EXCLUSIVE: NYC surgeon rebuilds teen’s already reconstructed nose from breakthrough transplant
A Marshall Islands teen underwent a grueling 10 hours of surgery Friday to rebuild his already reconstructed nose after an infection left him disfigured for the second time.
Dallan Jennet, 16, was forced to go under the knife nearly a year after Manhattan surgeon Dr. Tal Dagan performed a breakthrough procedure to repair the nose that the boy lost in a freak accident.
“His nose is completely reconstructed,” Dagan, of New York Eye and Ear Infirmary of Mount Sinai, told the Daily News after the surgery. “It looks great.”
Jennet’s ordeal began seven years ago when, at age 9, he jumped from a tree onto a roof and hit a power line. The shock threw the boy off the roof and burned off his nose.
At the time, Jennet was so embarrassed by his face he refused to go to a local hospital to meet Dagan. So the doctor travelled to the boy’s remote location to see if there was anything that could be done.
“I explained that it would be a very long road of multiple surgeries,” Dagan recalled. “I had to borrow skin from his forehead. He was still on board because he really wanted his nose back.”
By all accounts, the 18-hour “3-D nose transplant” surgery last November — the first of its kind in the U.S. — was a major success.
It included removing most of Jennet’s face and the use of a cutting-edge laser that injected green dye into the boy’s blood to track flow.
Dagan took tissue from the teen’s forehead to build the outside of the nose. He also used skin from his thigh to fill in the depression on his face.
But back home Jennet incurred a serious setback when a metal plate in his nose got infected and caused his nostrils to close up. The surgeon believes Jennet likely wound up with the infection from playing on a beach sullied with sewage.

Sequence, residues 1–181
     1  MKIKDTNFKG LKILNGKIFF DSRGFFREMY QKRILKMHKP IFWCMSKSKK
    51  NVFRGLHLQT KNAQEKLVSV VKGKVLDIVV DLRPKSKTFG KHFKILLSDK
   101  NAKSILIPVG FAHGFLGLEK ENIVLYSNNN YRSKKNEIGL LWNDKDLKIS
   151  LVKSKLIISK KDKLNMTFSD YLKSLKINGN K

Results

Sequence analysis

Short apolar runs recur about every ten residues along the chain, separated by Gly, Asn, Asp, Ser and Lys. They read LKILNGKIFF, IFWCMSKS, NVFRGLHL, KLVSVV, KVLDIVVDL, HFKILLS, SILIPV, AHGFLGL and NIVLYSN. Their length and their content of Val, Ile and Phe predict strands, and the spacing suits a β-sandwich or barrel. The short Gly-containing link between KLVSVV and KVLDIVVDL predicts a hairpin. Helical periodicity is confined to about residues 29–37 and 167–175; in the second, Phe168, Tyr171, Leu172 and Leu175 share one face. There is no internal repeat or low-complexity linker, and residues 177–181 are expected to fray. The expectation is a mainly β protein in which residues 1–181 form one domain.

“Despite everything being in place and everything being good, sometimes we fight the forces of nature,” Dagan said.
So the surgeon worked a plan to have Jennet flown back to New York before the holiday season.
Before the procedure Friday to repair the boy’s nose, the two talked about how they have bonded over the past year.
“He’s nice — sometimes, he’s crazy — but he’s nice,” Jennet joked.
Dagan, who moved to the United States from Israel when he was 13, feels he can somewhat identify with his patient’s feelings of loneliness and isolation.
“Being ostracized is something I can totally identify with,” he said.
On Friday, Dagan used cartilage taken from a dead person’s rib to rebuild Jennet’s nose.
The doctor decided mid-surgery to wait on repairing the inside of Jennet’s sniffer. That procedure is expected to be done in three weeks. A week later, Jennet should be on his way home, his nose as good as new.
“I want Dallan to have a beautiful continuation into adult life,” Dagan said.
Jennet is looking forward to recovering from his last major surgery and beating Dagan on the basketball court.
“He’s not very good,” the teen quipped before the Friday procedure.